Parents, Families, and Communities Ensuring Children's Rights

By Reyes, Elba I. | Bilingual Review, January-August 1999 | Go to article overview
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Parents, Families, and Communities Ensuring Children's Rights

Reyes, Elba I., Bilingual Review


Parents Impacting Change

History demonstrates that laws and legislation aimed at providing services to children with disabilities were preceded by civil action and landmark court cases that aroused national public concern. During the 1950s and l960s, parents learned from the models of social activism how to organize into interest groups. They learned how to inform the community and the general public of needed reforms in the public educational system regarding education for children with special needs. Meeting in community agency buildings, churches, and even their own homes, parents organized and conducted classes to teach other parents (and anyone who was interested) about their rights, their children's rights, and how to assure that public policy would safeguard those rights (Turnbull and Turnbull 1997). Parent-to-parent training went beyond issues of how to take care of their children. They also learned about the need for laws to protect other basic human rights. Some of these initial informal groups became formal, well-respected organizations. For example, in 1950 parents from across the country established the National Association of Parents and Friends of Mentally Retarded Children, now known as The ARC, one of this country s most powerful advocacy groups. Parents' united efforts have resulted in landmark court cases that have helped shape the intent and focus of legislation regarding children's and parents' rights (e.g., Hobson v Hansen 1967; Larry P. v Riles 1974: Mills v D.C. Board of Ed 1972; PARC v Commonwealth of Pennsylvania 1971).

Families soon learned that parent and community advocacy is the most effective way to impact change among policy makers regarding an individual's rights. Perhaps the best examples of the efficacy of this type of advocacy was that (a) the decisions made in the courts became the hallmark of the original law, the Education of All Handicapped Children Act (P. L. 94-142, 1975), which is now known as the Individuals with Disabilities Act of 1997 (Office of Special Education and Rehabilitation Services 1997), and (b) that the intent of the law has been maintained for over twenty years. The long-term result has been a change in the political and philosophical attitude in this country toward public education (Morse, Paul, and Roselli-Kostoryz 1997).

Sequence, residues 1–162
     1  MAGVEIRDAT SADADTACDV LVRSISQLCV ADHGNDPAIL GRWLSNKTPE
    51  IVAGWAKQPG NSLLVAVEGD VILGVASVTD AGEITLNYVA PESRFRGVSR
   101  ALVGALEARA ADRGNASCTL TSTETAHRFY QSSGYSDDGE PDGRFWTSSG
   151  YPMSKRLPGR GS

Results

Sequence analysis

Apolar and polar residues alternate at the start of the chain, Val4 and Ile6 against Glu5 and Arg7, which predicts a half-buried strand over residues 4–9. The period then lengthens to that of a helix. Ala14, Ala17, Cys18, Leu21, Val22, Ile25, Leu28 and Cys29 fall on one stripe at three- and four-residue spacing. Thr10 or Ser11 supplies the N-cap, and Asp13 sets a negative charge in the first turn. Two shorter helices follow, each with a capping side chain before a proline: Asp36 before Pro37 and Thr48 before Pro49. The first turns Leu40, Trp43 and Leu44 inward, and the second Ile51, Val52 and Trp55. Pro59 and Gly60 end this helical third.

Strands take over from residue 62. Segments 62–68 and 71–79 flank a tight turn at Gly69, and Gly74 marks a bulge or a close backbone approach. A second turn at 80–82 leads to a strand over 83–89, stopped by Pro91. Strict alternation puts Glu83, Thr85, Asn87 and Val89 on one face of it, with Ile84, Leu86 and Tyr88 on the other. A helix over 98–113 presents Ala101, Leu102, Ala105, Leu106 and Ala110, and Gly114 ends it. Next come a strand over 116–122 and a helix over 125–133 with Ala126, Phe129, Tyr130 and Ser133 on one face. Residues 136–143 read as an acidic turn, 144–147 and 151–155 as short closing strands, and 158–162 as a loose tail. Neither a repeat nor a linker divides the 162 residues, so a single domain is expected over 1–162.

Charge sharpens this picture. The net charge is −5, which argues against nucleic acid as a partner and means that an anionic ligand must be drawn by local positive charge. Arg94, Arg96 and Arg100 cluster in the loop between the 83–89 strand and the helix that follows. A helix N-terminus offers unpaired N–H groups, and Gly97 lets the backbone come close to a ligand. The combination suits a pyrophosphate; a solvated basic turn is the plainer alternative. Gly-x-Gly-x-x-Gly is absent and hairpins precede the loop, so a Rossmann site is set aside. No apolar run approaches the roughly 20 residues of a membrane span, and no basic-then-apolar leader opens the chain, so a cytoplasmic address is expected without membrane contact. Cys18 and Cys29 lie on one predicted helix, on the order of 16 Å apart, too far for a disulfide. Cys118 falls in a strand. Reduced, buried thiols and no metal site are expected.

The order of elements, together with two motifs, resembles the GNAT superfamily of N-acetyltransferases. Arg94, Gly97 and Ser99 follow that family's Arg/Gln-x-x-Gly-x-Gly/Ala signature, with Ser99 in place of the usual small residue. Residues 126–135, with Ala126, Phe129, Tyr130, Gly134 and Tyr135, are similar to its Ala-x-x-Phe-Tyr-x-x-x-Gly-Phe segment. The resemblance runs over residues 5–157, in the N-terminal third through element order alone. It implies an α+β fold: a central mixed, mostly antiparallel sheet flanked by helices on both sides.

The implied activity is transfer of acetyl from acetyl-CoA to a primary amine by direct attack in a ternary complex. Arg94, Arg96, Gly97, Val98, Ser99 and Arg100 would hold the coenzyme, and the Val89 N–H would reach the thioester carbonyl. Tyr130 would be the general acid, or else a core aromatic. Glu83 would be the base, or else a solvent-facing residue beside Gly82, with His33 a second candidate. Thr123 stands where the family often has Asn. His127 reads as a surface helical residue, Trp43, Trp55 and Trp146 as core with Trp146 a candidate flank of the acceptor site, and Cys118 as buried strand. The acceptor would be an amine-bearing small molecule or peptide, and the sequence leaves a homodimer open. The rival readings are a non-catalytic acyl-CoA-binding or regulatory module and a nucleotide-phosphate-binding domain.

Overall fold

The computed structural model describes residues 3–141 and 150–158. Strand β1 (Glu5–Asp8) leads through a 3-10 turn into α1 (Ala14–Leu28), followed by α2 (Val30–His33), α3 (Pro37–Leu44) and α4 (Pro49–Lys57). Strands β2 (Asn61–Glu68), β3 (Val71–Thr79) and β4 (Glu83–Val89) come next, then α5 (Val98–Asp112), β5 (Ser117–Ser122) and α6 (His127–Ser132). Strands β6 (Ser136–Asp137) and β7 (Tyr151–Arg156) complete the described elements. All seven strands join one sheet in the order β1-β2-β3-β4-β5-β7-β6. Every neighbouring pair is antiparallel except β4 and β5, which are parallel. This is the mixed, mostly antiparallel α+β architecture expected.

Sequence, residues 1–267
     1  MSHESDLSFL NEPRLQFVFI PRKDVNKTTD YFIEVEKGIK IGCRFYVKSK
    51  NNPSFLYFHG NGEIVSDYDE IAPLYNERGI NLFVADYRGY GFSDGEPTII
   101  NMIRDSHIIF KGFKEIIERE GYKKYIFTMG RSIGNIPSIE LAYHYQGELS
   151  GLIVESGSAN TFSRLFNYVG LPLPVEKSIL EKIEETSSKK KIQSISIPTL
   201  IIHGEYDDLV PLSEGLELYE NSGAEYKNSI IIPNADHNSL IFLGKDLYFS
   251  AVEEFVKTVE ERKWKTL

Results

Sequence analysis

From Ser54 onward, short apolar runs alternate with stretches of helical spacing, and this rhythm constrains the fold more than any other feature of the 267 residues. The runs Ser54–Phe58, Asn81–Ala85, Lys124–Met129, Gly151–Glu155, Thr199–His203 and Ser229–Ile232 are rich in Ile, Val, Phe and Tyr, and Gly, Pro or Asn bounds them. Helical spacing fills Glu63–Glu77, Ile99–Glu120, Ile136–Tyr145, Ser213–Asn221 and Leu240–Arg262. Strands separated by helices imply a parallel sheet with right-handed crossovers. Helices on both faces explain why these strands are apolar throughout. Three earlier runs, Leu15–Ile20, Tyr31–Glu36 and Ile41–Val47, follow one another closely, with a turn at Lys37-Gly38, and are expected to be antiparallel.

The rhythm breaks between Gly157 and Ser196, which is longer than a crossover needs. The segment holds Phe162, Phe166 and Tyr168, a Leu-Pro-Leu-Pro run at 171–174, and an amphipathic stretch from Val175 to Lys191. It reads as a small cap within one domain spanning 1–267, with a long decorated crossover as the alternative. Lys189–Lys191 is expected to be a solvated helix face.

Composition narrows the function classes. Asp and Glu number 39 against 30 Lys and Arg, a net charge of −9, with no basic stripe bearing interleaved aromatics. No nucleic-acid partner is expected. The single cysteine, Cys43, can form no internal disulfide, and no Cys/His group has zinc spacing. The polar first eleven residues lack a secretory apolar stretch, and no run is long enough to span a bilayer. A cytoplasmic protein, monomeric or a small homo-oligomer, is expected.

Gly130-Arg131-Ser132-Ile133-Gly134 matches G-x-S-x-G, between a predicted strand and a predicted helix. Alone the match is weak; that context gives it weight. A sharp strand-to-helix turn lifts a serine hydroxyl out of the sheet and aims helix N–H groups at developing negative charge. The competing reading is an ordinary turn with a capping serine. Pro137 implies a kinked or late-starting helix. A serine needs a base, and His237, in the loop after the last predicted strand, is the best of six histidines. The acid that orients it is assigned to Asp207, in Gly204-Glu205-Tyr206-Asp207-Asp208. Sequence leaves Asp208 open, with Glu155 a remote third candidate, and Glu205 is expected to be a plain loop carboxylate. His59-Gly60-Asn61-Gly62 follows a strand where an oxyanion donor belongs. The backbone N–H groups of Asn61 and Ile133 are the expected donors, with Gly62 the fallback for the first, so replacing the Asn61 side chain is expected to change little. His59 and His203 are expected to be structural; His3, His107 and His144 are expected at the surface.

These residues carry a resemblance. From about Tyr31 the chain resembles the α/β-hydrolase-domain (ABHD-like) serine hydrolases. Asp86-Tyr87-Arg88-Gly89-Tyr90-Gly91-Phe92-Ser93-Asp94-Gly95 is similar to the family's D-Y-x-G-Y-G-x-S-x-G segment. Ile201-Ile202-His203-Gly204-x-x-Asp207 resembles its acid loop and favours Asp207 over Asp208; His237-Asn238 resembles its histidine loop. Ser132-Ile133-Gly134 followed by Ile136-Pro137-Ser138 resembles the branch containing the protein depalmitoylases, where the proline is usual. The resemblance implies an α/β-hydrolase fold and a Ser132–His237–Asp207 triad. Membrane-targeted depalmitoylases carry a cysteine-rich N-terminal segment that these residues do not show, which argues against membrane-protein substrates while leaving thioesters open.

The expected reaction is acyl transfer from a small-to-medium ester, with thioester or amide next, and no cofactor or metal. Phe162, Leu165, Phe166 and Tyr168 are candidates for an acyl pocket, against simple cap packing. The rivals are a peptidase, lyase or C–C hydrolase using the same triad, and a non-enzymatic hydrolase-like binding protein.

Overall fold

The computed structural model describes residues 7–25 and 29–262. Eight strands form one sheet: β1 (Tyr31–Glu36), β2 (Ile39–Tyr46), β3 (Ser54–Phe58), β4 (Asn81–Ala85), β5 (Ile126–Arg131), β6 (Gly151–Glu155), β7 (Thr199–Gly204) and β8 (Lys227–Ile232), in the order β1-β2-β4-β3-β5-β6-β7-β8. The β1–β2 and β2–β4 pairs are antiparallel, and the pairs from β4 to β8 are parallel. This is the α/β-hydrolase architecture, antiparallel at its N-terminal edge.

Foundations For Public Law

The Individuals with Disabilities Education Act of 1997 (IDEA-97) has its history in the civil rights movement of the 1960s. During that time, individual human rights and equity in education were strongly debated issues around which laws and legislation were subsequently enacted during the 1970s. The legislation that stemmed from that era and that changed the educational experiences of children with disabilities was the Education of All Handicapped Children Act, known as Public Law 94-142.

Prior to the passage of P.L. 94-142 in 1975, over one million children were denied public education, and parents were blamed as the cause of their children's disability (Bettelheim 1967; Marcus 1977; Oliver, Cole, and Hollingsworth 1991). The parent-as-cause attitude permeated medical, social, and educational services. Parents were made to feel guilty and powerless, and many of children with disabilities were institutionalized or simply kept at home. The passage of P.L 94-142 was an important turning point because it shifted part of the responsibility of the education of children with disabilities to the government sector. It was designed to fund public education in order to provide both direct and indirect services and support for children with disabilities. The law also initiated the change from a parent-as-cause attitude to a parent-as-partner philosophy. As a result, today more than 5.8 million children with disabilities are in classrooms receiving services that will help prepare many of them for their f uture roles in our society (Schulte, Osborne, and Erchul 1998).

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